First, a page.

The Delhi High Court today reserved its verdict on the plea of Chinese phonemaker Shenzhen OnePlus Technology Co Ltd which has challenged the order restraining it from selling its devices in India for allegedly infringing the exclusive rights of Micromax with respect to use of Cyanogen software and trademark.
A bench headed by Justice Pradeep Nandrajog said it will pronounce orders tomorrow after it concluded hearing arguments of Shenzhen, Micromax and US-based software firm Cyanogen, which sells a specialised form of Android operating system.
The court decided to hear arguments after Gurgaon-based Micromax, represented by senior advocate Rajiv Nayar, refused to agree with Shenzhen’s solution of allowing the Chinese company to sell around 6,00,000 handsets, embedded with Cyanogen software, by March 2015.
Shenzhen said it has imported around 6,00,000 handsets embedded with Cyanogen software.
Cyanogen, which had a global non-exclusive agreement with Shenzhen for use of its software and trademark in 16 nations, excluding China and Taiwan, said in view of its recent contract with Micromax, it can no longer provide upgrades or enhancement to the OnePlus handsets sold in India.
The US company, which had entered into an agreement with Micromax in September 2014 for exclusive use of Cyanogen software and trademark in South Asia, said this arrangement superseded the one with Shenzhen.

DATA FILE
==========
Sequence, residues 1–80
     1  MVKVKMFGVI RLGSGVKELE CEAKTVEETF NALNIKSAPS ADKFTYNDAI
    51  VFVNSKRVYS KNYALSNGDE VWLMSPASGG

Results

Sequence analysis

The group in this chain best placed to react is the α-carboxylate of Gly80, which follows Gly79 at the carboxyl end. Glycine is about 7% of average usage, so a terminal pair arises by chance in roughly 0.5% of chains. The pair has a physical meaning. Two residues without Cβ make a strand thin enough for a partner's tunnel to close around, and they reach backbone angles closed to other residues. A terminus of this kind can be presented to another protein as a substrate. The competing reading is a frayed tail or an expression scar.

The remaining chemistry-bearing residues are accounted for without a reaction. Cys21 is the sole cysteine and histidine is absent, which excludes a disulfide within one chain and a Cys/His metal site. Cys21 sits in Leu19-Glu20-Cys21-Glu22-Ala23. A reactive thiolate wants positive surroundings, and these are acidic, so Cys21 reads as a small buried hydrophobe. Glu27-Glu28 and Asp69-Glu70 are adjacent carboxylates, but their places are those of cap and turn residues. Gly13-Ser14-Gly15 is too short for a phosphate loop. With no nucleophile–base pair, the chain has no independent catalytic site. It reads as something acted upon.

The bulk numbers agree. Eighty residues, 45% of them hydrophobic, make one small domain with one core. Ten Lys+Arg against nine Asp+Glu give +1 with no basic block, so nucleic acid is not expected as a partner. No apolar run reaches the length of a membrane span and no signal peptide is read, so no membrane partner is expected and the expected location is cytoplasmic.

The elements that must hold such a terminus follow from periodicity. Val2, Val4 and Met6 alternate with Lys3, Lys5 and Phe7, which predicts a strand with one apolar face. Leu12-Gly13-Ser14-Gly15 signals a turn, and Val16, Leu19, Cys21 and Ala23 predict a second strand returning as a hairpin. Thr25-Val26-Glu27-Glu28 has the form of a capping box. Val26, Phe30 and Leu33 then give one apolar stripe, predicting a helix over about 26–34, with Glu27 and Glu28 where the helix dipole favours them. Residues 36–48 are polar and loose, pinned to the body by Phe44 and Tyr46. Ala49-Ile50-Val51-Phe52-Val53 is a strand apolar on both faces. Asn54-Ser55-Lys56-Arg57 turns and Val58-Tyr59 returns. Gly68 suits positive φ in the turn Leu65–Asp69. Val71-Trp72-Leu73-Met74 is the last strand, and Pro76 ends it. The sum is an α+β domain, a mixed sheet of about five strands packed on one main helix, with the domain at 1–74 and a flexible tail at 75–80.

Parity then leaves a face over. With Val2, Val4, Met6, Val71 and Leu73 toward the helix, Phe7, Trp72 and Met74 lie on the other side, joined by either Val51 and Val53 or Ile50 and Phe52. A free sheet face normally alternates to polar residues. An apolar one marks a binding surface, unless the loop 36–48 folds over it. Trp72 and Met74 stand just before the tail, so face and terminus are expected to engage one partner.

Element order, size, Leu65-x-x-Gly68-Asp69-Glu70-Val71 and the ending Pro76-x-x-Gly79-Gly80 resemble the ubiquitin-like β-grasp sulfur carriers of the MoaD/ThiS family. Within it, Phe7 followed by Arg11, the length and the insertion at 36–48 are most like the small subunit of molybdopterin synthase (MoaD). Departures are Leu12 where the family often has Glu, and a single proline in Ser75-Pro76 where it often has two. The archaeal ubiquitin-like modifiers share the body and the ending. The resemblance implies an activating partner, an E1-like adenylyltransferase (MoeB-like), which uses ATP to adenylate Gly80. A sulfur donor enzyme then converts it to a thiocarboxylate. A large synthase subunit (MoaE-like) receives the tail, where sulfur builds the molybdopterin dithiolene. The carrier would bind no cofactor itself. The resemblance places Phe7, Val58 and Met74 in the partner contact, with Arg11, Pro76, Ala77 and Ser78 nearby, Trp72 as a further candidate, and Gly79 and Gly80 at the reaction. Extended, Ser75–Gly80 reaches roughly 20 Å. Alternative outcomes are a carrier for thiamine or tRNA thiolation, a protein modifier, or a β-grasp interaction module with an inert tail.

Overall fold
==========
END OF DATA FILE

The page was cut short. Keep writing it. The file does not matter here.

Shenzhen, represented by senior advocate Kapil Sibal, submitted that since Micromax had “no privity of contract” with it, the Indian company could not have sought an injunction against it.
Micromax should have sued Cyanogen, Sibal contended.
The bench, during the hearing, also queried whether the software firm as well as the two mobile manufacturing companies can co-exist in India in the current situation, but Cyanogen said such co-existence was not possible.
During arguments yesterday, Shenzhen had told the court that its version of the Cyanogen operating system (OS) is different from the one that Micromax has an exclusive licence for use in India.
The Chinese company had said that while its handsets were embedded with the CM11S version of the Cyanogen software, Micromax had a different version, and had added that this point was not submitted before the single judge who had passed the restraining order.
It had also argued that the exclusivity clause in the agreement between Micromax and Cyanogen only means that the US-based firm cannot collaborate with any another mobile maker in India.
It had suggested that it be given three months time to sell its stock as well as develop another software to substitute Cyanogen.